The modern' occult movement began at the end of the nineteenth century with the early writings of Helena Petrovna Blavatsky. There had been considerable interest in spiritualism for a few decades before her first book was published. There was, however, much fraud among mediums, some of whom were certainly not genuine, but some were, and the explanations of the psychic phenomena were inconsistent and obviously unreliable. The spiritualistic movement did, on the other hand, call attention to another dimension of existence and to a large extent justified a belief in survival after death.
H.P. Blavatsky's first major work was Isis Unveiled, published in New York and London in 1875. This did much to combat the general materialism of the time and the dogmatism of current religion and science. It introduced the idea of the essential spiritual nature of cosmos and man, and explained in national terms, against a background of a deep and extensive knowledge of classical and modern literature, a wide range of relevant topics, not only spiritualistic phenomena but much else concerning the powers latent in man.
In the early years of the 1880's, Mr A.P. Sinnett was receiving letters from two Initiates in the Arcane Sciences. These contained a core of teaching never before made public. These letters, of inestimable importance to us now, are lodged in the British Library [The Mahatma Letters]. From the information contained in them, Mr Sinnett produced his book Esoteric Buddhism. He had previously written a book, The Occult World, describing something of the realms behind our physical world and describing some of the remarkable phenomena produced around that time by Madame Blavatsky.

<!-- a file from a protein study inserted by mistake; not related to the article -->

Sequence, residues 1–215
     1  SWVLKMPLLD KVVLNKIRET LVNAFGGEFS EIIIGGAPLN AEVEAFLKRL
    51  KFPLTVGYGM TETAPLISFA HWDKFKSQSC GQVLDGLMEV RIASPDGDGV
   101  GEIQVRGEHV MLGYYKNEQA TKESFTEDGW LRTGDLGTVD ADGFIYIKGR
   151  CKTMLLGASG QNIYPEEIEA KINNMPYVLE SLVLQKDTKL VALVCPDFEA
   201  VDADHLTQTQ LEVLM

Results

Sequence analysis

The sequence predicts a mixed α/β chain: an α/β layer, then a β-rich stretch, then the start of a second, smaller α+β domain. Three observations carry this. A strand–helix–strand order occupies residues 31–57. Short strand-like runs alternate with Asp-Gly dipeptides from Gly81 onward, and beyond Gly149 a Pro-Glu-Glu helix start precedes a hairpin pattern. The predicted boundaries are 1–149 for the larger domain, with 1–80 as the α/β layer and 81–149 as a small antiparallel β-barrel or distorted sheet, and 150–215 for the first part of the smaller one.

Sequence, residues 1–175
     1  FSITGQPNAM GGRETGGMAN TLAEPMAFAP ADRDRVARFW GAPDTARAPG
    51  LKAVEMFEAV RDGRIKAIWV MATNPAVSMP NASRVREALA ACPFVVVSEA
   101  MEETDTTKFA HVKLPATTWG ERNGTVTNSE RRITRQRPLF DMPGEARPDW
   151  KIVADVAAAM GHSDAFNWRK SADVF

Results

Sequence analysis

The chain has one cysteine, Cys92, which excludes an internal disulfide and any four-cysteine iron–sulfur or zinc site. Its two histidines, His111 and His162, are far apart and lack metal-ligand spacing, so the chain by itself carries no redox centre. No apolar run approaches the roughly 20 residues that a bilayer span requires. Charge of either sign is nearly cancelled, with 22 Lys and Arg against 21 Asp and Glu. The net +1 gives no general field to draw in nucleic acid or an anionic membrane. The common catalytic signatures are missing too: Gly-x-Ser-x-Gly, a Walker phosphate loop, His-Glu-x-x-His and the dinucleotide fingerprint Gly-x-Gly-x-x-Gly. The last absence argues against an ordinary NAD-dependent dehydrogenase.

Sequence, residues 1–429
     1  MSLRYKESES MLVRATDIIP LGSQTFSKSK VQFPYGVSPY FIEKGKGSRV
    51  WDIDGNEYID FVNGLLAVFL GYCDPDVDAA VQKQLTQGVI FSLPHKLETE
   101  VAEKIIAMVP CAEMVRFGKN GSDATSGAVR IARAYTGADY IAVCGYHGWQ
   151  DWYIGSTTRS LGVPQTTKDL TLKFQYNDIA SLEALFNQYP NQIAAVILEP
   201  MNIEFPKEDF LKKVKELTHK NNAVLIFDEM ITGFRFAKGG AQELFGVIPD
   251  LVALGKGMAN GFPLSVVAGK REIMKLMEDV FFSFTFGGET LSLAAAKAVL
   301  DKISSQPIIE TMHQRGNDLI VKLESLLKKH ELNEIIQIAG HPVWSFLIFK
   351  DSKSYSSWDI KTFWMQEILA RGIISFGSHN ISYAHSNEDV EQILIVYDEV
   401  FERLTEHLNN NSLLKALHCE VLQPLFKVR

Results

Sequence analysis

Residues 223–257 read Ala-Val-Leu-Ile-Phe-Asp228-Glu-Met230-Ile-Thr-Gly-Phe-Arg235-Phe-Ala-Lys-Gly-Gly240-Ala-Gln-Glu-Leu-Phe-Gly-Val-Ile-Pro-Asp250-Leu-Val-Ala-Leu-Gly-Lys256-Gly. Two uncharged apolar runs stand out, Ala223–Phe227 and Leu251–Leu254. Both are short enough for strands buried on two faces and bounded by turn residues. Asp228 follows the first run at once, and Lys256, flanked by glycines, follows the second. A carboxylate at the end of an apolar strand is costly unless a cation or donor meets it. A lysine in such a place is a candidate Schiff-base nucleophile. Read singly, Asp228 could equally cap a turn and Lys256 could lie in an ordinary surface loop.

Mr Sinnett's Esoteric Buddhism outlined a scheme or framework of esoteric knowledge quite revolutionary at the time. It was, however, defective in some details. These defects were corrected and the grand scheme of esotericism greatly extended in H.P. Blavatsky's monumental work, The Secret Doctrine, published in 1888. This, like Isis Unveiled, is a work of tremendous erudition. In either work well over 1,000 other works, ancient and modern, are referred to.
The subject matter of The Secret Doctrine is divided into two, Cosmogenesis and Anthropogenesis. These headings indicate very broadly the content. In both of them there is unfolded a vast evolutionary development of our planet, and the human family on it, quite beyond anything which has been proposed before or since. In the work the nature of man and his relation to cosmos is worked on. The work has two principle bases - one is an ancient book containing the Stanzas of Dzyan, and the other a few fundamental propositions, containing the very essence of the teachings. The stanzas are a poetic description in mystical language of the genesis and post genesis processes of our globe, and then the story of man's appearance and development on it.
The great developmental stages of the process are described, together with the sources and information of man's body and his inner principles, particularly his mind. This information inverts the Darwinian view. All that is in the book is against an extensive knowledge and dialogue with philosophers and scientists. It relates its teachings to the great religions of the world, and explains their symbolism. It tells us something of the Mysteries and of the 'Occult' Societies and Fraternities that have existed since remote ages. The knowledge, now called Theosophy, of the processes and nature of Nature on the greatest as the smallest scale underlies, is in fact the source, the origin, in their purest form, of all these. It is religion itself.